And I'd bet against you.

That is not to say that individual Orthodox bishops are impeccable or infallible; they aren't.

But they also aren't militant or practicing homosexuals, or women, or atheists, either.

And their pharisaic antics (if they are committing any) aren't making the international news on an almost daily basis, bringing the Church and her Savior into disrepute.
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« Reply #74 on: June 23, 2003, 10:07:33 PM »

Wow!  And pow!  That was hard-hitting, Linus!  True, but still hard-hitting!!!

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« Reply #75 on: June 23, 2003, 10:15:44 PM »

Yes, Linus, to compare such crass immorality to the Holy Orthodox Church is low balling.
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« Reply #76 on: June 24, 2003, 02:20:23 PM »

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As for heresies about what is moral and what is not: I'll bet that for every Robinson or Otis Charles there are ten Orthodox bishops who are teaching Phariseeisms and other more commonplace moral defects which Jesus condemns at length.

And I'd bet against you.

I have to read that as an expression of parochial pride.

Quote
That is not to say that individual Orthodox bishops are impeccable or infallible; they aren't.

But they also aren't militant or practicing homosexuals, or women, or atheists, either.

But now you are confounding issues. These are three quite unlike issues. One is basic faith; one is sacramental theology; and one is moral theology. The only uniting priniciple behind them is the issue of church authority in establishing the three as inarguably wrong.

Quote
And their pharisaic antics (if they are committing any) aren't making the international news on an almost daily basis, bringing the Church and her Savior into disrepute.

But they are just as destructive.

One of the big issues about Robinson is that even those who oppose his consecration admit that he is an excellent pastor in all other respects. The consents rest solely on the scandal of his sexual situation.

But priests and bishops who are rude, or arrogant, or legalistic, or (in the worst case) covering up the egregious sins of others do plenty of damage. And in the case of the RC bishops, it is making the news. Homosexuality may be a worse scandal for you, but it is not a worse scandal for everyone, even for those who are scandalized.
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« Reply #77 on: June 24, 2003, 03:34:36 PM »

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As for heresies about what is moral and what is not: I'll bet that for every Robinson or Otis Charles there are ten Orthodox bishops who are teaching Phariseeisms and other more commonplace moral defects which Jesus condemns at length.

And I'd bet against you.

I have to read that as an expression of parochial pride.


Dear Keble,

Could not your original remark be read in the same way?  Or else, are you not going to give Linus the same benefit of the doubt your statement could be given?  I'm sorry, I just don't understand this part of your post.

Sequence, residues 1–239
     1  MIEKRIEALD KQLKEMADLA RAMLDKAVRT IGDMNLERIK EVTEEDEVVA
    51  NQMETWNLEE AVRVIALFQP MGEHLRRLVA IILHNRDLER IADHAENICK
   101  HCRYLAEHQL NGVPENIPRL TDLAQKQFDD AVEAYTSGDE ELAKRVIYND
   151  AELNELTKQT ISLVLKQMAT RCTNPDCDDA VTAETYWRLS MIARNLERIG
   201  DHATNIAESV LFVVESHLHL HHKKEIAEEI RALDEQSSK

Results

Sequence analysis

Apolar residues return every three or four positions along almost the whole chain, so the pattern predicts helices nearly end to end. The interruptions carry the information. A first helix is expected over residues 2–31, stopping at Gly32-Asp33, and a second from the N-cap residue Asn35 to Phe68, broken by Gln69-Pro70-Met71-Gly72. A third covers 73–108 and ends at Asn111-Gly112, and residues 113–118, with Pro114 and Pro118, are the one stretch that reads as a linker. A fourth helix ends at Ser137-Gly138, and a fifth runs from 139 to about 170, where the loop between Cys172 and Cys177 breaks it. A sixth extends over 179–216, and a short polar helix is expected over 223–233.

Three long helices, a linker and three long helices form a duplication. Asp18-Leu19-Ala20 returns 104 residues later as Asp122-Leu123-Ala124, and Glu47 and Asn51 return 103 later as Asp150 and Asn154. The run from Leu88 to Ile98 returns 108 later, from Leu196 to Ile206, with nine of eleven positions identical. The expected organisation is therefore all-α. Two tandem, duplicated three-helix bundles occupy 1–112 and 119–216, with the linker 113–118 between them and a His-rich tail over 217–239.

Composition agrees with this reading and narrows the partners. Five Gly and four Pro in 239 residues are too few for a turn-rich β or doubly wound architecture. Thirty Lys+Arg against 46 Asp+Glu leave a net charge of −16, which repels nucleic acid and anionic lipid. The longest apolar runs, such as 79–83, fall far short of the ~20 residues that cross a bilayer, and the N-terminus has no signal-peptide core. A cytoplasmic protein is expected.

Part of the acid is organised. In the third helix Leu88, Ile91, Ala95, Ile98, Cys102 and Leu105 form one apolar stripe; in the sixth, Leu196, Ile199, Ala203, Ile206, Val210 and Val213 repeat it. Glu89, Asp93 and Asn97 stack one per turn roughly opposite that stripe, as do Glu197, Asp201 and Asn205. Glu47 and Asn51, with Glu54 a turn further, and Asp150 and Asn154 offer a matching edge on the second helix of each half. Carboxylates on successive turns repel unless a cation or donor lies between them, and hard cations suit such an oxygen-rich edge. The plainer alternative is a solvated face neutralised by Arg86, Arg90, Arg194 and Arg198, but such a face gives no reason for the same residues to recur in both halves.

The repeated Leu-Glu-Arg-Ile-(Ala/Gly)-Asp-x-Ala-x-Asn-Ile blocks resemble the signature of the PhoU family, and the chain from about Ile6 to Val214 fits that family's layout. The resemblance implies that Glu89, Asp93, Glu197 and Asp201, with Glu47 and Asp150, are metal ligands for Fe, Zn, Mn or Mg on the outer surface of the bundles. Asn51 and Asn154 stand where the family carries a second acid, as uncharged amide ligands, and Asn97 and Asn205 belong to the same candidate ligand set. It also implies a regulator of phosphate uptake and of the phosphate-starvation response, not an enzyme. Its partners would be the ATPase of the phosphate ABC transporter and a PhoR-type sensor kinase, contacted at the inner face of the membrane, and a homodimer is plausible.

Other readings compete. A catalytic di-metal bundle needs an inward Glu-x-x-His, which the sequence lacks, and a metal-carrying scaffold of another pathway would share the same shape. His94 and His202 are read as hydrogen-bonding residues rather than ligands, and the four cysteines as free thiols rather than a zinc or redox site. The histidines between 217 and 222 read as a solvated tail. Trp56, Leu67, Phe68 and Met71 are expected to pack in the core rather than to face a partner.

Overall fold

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« Reply #78 on: June 24, 2003, 06:37:43 PM »

Keble<<And in the case of the RC bishops, it is making the news. Homosexuality may be a worse scandal for you, but it is not a worse scandal for everyone, even for those who are scandalized. >>

But the RC bishops who make the news are homosexuals or cover up their antics.

As for parochial pride, who is the one who loves the ECUSA so much that they justify electing gay bishops or at least blow it off and say how wicked the "pharisaical" bishops (who actually believe in Christianity)? Who is proud?

<<One of the big issues about Robinson is that even those who oppose his consecration admit that he is an excellent pastor in all other respects. The consents rest solely on the scandal of his sexual situation.>>

I dunno, Keble, he might also be "pharisaical."  Shocked


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« Reply #79 on: June 24, 2003, 06:51:06 PM »

Hello, everyone! I'm an Episcopalian also, who finds just about everything Keble has said to be right on the money (to let you know where I'm coming from). I have just been engaged in a rather bruising discussion of this issue on beliefnet and came over here to take refuge, only to find that certain Orthodox are taking advantage of our problems to sneer at their fellow Christians.

I have spent time in Eastern Europe (mainly Romania). I have seen any number of ways in which Orthodox bishops, priests, and laity hold up the Church to scorn. Like Protestants. Like Roman Catholics. It's fine for you to criticize us, but you accomplish nothing by making sweeping generalizations about how apostate we are. I don't see what is accomplished by picking on the week spots of another Christian body and trying to use them to discredit the group as a whole.